NCPA - National Center for Policy Analysis

HEALTH REFORM FRINGE BENEFITS

February 5, 2007

How will President Bush's health insurance plan affect taxpayers?  The answer depends on if they have medical coverage, where they get it and how much it costs.  The president wants to eliminate the tax code's bias in favor of employer-provided medical coverage, which distorts the insurance market, promotes insecurity and raises health care costs, says the Washington Times.

This bias was created more or less by accident:

  • During World War II, businesses competing to attract scarce workers got around wage and price controls by offering health insurance instead of higher pay.
  • In 1943, the Internal Revenue Service decided not to count this increasingly popular fringe benefit as taxable income, a policy codified by Congress in 1954.

According to John Goodman, president of the National Center for Policy Analysis:

  • Someone in the 25 percent income tax bracket may receive a subsidy of close to 50 percent for employer-provided medical coverage, once you consider state income taxes and the 15.3 percent payroll tax that funds Social Security and Medicare.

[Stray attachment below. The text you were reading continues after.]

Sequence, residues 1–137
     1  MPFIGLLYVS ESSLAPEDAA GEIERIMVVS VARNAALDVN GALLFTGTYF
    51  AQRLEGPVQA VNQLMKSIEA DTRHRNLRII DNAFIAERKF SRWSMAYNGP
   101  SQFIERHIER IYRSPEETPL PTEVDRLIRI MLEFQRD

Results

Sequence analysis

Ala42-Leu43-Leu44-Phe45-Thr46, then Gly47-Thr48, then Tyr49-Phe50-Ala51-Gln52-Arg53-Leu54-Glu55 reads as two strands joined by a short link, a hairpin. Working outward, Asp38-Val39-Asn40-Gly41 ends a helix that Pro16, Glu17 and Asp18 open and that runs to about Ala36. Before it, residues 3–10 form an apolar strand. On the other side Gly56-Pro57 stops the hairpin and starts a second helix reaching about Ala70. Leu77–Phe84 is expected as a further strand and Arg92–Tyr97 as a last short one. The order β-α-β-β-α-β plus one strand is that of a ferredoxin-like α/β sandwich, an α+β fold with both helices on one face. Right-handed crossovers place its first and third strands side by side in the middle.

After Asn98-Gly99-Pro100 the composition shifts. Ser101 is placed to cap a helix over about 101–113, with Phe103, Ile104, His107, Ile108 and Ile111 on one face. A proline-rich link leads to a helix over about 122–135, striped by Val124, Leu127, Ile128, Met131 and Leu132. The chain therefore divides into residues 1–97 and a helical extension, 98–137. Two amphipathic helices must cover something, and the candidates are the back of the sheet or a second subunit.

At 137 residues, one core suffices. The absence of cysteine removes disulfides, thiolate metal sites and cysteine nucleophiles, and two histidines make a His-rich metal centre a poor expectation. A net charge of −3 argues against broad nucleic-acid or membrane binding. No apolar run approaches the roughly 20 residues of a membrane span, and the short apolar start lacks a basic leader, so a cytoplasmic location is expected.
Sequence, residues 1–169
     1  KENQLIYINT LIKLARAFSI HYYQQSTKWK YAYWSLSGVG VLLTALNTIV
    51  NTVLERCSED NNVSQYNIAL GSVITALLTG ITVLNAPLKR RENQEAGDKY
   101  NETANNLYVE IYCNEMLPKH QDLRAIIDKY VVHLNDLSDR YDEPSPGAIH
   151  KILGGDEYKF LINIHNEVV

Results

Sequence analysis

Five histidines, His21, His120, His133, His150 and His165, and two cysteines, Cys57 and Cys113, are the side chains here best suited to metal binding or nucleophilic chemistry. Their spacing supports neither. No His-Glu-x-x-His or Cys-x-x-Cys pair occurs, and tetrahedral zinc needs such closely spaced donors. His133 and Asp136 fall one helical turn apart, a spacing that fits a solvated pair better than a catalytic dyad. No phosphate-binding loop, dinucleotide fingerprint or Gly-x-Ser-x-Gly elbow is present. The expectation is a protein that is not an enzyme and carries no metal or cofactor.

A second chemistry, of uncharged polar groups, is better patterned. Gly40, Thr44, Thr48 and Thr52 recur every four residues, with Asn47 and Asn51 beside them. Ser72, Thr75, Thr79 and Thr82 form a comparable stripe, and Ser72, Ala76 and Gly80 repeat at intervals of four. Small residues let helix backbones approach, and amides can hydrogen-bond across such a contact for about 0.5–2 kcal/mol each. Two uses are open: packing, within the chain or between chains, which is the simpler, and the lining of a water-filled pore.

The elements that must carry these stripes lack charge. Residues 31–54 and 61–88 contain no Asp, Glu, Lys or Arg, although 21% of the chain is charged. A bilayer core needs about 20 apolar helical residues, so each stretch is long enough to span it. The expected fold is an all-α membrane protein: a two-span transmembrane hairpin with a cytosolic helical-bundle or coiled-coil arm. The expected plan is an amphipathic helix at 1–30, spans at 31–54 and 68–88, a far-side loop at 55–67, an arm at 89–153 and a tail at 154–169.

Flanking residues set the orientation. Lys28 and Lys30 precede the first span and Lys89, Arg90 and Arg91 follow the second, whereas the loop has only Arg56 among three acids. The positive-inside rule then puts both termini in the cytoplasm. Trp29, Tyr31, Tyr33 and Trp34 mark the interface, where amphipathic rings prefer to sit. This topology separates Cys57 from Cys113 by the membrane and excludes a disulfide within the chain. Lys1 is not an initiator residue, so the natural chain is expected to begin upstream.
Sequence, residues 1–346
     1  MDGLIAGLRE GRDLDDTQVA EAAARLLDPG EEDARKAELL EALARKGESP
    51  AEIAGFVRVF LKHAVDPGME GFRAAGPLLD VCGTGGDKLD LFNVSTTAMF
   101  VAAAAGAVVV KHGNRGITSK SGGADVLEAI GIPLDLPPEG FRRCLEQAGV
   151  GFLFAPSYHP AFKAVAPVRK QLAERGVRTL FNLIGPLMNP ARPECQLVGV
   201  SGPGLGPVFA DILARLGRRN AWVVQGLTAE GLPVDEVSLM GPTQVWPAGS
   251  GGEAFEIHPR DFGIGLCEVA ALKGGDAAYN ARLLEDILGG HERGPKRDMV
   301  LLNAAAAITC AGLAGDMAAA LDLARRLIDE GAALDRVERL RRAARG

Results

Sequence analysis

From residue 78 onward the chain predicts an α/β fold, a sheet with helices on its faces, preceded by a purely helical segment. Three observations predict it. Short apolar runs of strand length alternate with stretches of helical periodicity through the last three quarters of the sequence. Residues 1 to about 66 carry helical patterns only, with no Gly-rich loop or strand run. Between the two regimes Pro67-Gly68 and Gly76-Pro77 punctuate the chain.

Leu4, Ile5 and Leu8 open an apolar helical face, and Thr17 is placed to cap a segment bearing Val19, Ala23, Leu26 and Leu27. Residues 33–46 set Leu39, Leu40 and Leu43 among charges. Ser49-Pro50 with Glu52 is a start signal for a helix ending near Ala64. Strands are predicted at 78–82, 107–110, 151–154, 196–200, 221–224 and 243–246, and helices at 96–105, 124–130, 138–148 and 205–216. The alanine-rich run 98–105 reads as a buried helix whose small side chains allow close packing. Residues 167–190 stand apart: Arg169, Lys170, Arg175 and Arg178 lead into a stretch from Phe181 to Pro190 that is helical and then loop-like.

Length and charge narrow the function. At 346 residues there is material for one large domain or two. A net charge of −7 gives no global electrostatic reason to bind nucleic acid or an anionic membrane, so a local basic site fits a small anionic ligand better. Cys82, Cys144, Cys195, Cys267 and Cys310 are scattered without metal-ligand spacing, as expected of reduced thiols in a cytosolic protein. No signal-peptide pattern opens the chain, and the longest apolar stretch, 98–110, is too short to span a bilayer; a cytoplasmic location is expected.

• If he buys insurance on his own, he typically gets no tax break at all.
  • The upshot is that most Americans get medical coverage through their employers.

In a system based on employer-provided insurance, people lose their medical coverage when they lose their jobs, a problem that becomes increasingly serious as they get older and sicker.  At the same time, the seemingly free coverage makes health care more expensive for everyone.

Bush's solution to these problems is straightforward.  He would reverse the policy of excluding health insurance from taxable income.  To avoid an overall tax increase, he would give taxpayers with health insurance a standard deduction of $7,500 for individuals and $15,000 for families.

Source: Jacob Sullum, "Health reform fringe benefits," Washington Times, February 3, 2007.

 

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